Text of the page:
He teareth himself in his anger: shall the earth be forsaken for thee? and shall the rock be removed out of his place?
In his second “at bat,” Bildad doesn’t seem to have much new to say. His opening lament is rather interesting, though, where he implies that Job’s request is tantamount to earth-forsaking (‘erets `azab) and rock-removing (tsuwr `atahq). As best I can figure, its alluding to how Job is rejecting ‘foundational’ understandings of God for the sake of preserving his own integrity.
The rest of the chapter rehashes a familiar theme:
Yea, the light of the wicked shall be put out, and the spark of his fire shall not shine.
How long will ye vex my soul, and break me in pieces with words?
He then basically tells them to butt out:
And be it indeed [that] I have erred, mine error remaineth with myself.
and reiterates that is God who has done this:
Know now that God hath overthrown me, and hath compassed me with his net.
Needless to say, Job still isn’t happy about it:
Behold, I cry out of wrong, but I am not heard: I cry aloud, but [there is] no judgment.
Then follows a long list of complaints about what God has done to him, sounding vaguely like the American revolutionaries railing against King George, ending with a piteous cry:
Have pity upon me, have pity upon me, O ye my friends; for the hand of God hath touched me. Why do ye persecute me as God, and are not satisfied with my flesh?
“C’mon guys, just because God has it in for me, doesn’t mean you should too!” This seems like a good place for this brief chapter to end — but it doesn’t. Instead, something amazing happens:
Oh that my words were now written! oh that they were printed in a book!
For I know [that] my redeemer liveth, and [that] he shall stand at the latter [day] upon the earth: And [though] after my skin [worms] destroy this [body], yet in my flesh shall I see God: Whom I shall see for myself, and mine eyes shall behold, and not another; [though] my reins be consumed within me.
This has got to be one of the most mind-blowing passages in the Old Testament. The earlier rather vague advocate seems to have become a concrete redeemer (ga’al). True, he may just be thinking of the more usual concept of kinsman-redeemer, rather than consciously foreshadowing Christ. Yet he does seem to be thinking of a future time (‘acharown), after skin is removed (‘achar `owr naqaph), when his flesh will see God (basar chazah ‘elowahh). He says it twice more (chazah `ayin ra’ah), to make sure we don’t miss the point. The point being rather pointed, that since Job gets the last word, his persecutors shouldn’t mess with him:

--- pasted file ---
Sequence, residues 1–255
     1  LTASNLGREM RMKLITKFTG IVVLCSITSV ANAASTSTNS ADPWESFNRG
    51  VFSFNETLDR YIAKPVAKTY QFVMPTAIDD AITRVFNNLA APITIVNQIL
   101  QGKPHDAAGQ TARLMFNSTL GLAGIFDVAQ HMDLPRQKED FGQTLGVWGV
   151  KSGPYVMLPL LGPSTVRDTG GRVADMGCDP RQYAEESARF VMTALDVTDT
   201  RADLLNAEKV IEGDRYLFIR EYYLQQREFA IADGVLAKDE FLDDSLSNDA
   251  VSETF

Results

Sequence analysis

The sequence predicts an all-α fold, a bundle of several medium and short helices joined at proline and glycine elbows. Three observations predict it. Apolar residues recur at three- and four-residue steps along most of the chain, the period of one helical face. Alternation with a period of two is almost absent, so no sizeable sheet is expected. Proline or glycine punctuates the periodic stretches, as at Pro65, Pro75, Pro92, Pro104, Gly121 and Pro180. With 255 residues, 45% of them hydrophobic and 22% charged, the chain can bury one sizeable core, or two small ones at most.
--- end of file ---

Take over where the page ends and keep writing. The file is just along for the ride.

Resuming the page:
Be ye afraid of the sword: for wrath [bringeth] the punishments of the sword, that ye may know [there is] a judgment.
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It is a curious passage; the certainty and even optimism regarding his future fate might seem out of character for Job. No doubt many commentators would prefer to treat it as a later addition, since they consider such a belief in saviors and afterlife anachronistic. Yet, somehow, to me this passage fits. Job does consider his integrity immensely important. He clings to it after all rational hope is gone. There must be something beyond sheer cussedness motivating him. Even if Job himself can’t put all the pieces together, at the bottom of his soul there is a sense that Somebody will ensure he gets his final hearing.
God, for all his hangups, there is something awe-inspiring about Job. Despite the fact that his senses, his reason — and his friends — tell him to despair, Job clings to a belief in both his own worthiness and the importance of a relationship with God. That’s a hard tension to maintain in the midst of suffering. Lord, I’d prefer you spare me the sufferings of Job, yet nevertheless grant me the courage of his convictions. Amen.